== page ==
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We were at the beach this weekend with close friends. Watching the kids on the swings swinging WAY too high, I was reminded about how I used to jump off of swings as a child. Sharing the story, my friend had a realization. “She’s you,” she said. “You always say you don’t know where she came from, but she’s you.” And at once I realized she was right.

My mother tells all sorts of Karen stories. The time I drank nail polish. The other time I saw a garbage fire in the kitchen and calmly came to tell her that it was on fire. How I would spend my days sitting up in trees. Reading, yes, but still in trees. The time, after I got mad at kids out at recess banging on the Horizons program window, my third grade self decided to pick up the school intercom and call the main office to tell on them. “They are interrupting us,” I told the lady who worked at the front desk.

Those are just the things my mother knows about. She has no clue about the Bronx subway rides I took at 2 a.m., the second story windows I scaled in and out of our house, the time I switched from being a passenger to being the driver of a car going 100 MPH on the Wantagh Parkway — too many to list.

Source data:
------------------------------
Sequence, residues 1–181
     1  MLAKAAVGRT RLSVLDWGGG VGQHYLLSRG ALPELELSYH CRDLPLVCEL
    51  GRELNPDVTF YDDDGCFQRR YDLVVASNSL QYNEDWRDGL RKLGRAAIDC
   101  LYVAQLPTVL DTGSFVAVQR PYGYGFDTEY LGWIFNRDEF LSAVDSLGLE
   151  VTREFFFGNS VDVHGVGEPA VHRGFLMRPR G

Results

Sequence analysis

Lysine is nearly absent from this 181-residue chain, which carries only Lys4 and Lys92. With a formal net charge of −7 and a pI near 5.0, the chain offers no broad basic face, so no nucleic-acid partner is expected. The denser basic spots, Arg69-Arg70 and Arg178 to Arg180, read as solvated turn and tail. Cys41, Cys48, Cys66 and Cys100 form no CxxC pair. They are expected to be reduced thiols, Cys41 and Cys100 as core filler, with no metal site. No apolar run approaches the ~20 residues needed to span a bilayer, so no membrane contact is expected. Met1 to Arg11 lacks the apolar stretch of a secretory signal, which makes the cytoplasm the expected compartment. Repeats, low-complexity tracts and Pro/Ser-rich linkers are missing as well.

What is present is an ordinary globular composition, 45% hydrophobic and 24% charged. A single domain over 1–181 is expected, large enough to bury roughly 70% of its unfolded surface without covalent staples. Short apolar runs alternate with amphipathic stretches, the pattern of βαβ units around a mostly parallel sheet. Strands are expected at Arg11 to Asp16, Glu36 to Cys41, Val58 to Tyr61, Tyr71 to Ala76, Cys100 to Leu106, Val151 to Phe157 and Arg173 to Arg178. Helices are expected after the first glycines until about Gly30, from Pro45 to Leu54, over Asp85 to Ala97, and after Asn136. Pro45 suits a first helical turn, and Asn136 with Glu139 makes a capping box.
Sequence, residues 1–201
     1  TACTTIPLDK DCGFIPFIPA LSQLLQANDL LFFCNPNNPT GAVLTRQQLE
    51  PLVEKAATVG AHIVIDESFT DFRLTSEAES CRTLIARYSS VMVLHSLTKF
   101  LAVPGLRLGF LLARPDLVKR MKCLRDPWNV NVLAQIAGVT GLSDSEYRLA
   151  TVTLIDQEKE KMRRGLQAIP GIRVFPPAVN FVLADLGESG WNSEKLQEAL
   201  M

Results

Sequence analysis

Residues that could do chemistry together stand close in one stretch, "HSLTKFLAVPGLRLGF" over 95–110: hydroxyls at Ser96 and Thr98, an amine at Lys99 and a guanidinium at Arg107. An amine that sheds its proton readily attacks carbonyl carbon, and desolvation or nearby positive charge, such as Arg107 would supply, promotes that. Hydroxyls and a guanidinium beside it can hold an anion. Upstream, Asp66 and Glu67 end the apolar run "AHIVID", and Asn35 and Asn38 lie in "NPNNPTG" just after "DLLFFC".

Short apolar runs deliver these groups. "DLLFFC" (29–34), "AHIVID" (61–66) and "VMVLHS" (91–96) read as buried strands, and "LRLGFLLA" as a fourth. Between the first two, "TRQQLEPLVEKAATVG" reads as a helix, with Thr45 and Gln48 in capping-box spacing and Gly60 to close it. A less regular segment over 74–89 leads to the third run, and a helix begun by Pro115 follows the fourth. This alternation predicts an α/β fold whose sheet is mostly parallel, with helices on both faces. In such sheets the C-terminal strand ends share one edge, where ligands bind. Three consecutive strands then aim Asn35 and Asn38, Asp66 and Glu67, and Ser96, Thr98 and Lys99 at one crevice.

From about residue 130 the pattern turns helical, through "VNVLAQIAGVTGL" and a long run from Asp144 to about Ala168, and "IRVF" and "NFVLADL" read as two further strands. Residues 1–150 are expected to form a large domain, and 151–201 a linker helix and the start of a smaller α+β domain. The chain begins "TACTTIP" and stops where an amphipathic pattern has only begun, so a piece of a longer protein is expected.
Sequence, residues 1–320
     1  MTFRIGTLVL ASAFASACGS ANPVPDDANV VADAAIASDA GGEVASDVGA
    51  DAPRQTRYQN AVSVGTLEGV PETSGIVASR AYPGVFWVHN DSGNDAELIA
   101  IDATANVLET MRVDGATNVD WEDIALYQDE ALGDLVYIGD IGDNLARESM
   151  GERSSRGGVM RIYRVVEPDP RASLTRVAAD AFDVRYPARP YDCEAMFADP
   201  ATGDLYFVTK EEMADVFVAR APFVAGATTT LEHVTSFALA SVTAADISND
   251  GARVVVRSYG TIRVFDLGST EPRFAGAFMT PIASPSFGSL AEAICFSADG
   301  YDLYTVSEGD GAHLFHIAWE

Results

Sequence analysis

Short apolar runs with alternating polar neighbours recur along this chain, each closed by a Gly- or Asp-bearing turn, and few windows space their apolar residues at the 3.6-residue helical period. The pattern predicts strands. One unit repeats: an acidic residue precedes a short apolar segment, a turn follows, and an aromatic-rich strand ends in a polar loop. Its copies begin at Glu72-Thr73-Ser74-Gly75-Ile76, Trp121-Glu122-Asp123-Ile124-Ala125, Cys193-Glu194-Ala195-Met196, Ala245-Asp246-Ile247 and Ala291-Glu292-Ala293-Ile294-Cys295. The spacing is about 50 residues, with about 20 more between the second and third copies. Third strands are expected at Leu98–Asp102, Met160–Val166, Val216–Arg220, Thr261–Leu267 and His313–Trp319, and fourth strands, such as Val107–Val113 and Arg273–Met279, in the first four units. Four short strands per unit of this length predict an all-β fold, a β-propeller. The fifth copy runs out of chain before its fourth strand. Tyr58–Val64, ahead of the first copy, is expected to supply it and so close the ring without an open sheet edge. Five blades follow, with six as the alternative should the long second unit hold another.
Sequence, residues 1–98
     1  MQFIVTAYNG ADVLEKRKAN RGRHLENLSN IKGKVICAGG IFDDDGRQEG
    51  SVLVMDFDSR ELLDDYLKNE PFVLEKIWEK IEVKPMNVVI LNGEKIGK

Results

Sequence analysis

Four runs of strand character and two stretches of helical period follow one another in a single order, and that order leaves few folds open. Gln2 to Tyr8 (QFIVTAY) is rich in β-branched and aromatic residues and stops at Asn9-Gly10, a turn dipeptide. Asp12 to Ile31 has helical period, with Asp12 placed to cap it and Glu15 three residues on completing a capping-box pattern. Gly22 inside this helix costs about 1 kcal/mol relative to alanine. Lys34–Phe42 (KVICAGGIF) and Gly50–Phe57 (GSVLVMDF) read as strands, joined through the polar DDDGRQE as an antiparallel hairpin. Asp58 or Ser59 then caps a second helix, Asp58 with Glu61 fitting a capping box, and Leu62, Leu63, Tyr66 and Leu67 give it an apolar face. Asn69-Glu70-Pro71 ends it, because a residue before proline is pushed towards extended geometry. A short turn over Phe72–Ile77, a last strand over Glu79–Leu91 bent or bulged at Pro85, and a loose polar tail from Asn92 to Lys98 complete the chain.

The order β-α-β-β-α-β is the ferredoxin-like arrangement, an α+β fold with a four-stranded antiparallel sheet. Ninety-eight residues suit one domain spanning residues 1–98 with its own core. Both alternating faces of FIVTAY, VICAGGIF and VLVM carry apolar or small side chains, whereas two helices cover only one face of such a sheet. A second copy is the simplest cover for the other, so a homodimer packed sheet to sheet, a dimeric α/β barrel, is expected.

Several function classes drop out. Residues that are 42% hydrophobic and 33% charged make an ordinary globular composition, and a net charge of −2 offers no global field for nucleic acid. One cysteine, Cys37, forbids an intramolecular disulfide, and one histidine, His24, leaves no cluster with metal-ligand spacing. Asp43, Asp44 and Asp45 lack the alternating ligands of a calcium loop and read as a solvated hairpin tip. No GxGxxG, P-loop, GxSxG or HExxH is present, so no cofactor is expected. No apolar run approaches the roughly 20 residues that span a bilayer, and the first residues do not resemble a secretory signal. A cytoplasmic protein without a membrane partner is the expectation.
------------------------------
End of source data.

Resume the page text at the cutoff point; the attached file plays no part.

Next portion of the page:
And the attracting bumps and bruises thing? Yeah, that’s still something I deal with. I have blogged about my teen and adult experiences extensively, but as a child I ran in front of a metal swing (20 stitches to my lip), had a bookcase fall on top of me (I was climbing it; it fell over), and fell while jumping on the bed (stitches in my head for that one). There are more, I am sure. I was always up to something and usually it was not a good idea.

After realizing all this, I also realize why my mother was constantly stressed. Single widowhood aside, I must have made her wince on a daily basis with my fearlessness. Just like I do when I consider Little Girl’s daily trials. Like last weekend when she climbed the refrigerator to get cookies. She fell down on the hard tile floor, and I added more stress lines in my forehead.

I do have hope, though. Hope that like me, Little Girl will become more sensible and start being more cautious. Today, I am fearless when it comes to some things. Others…not so much.

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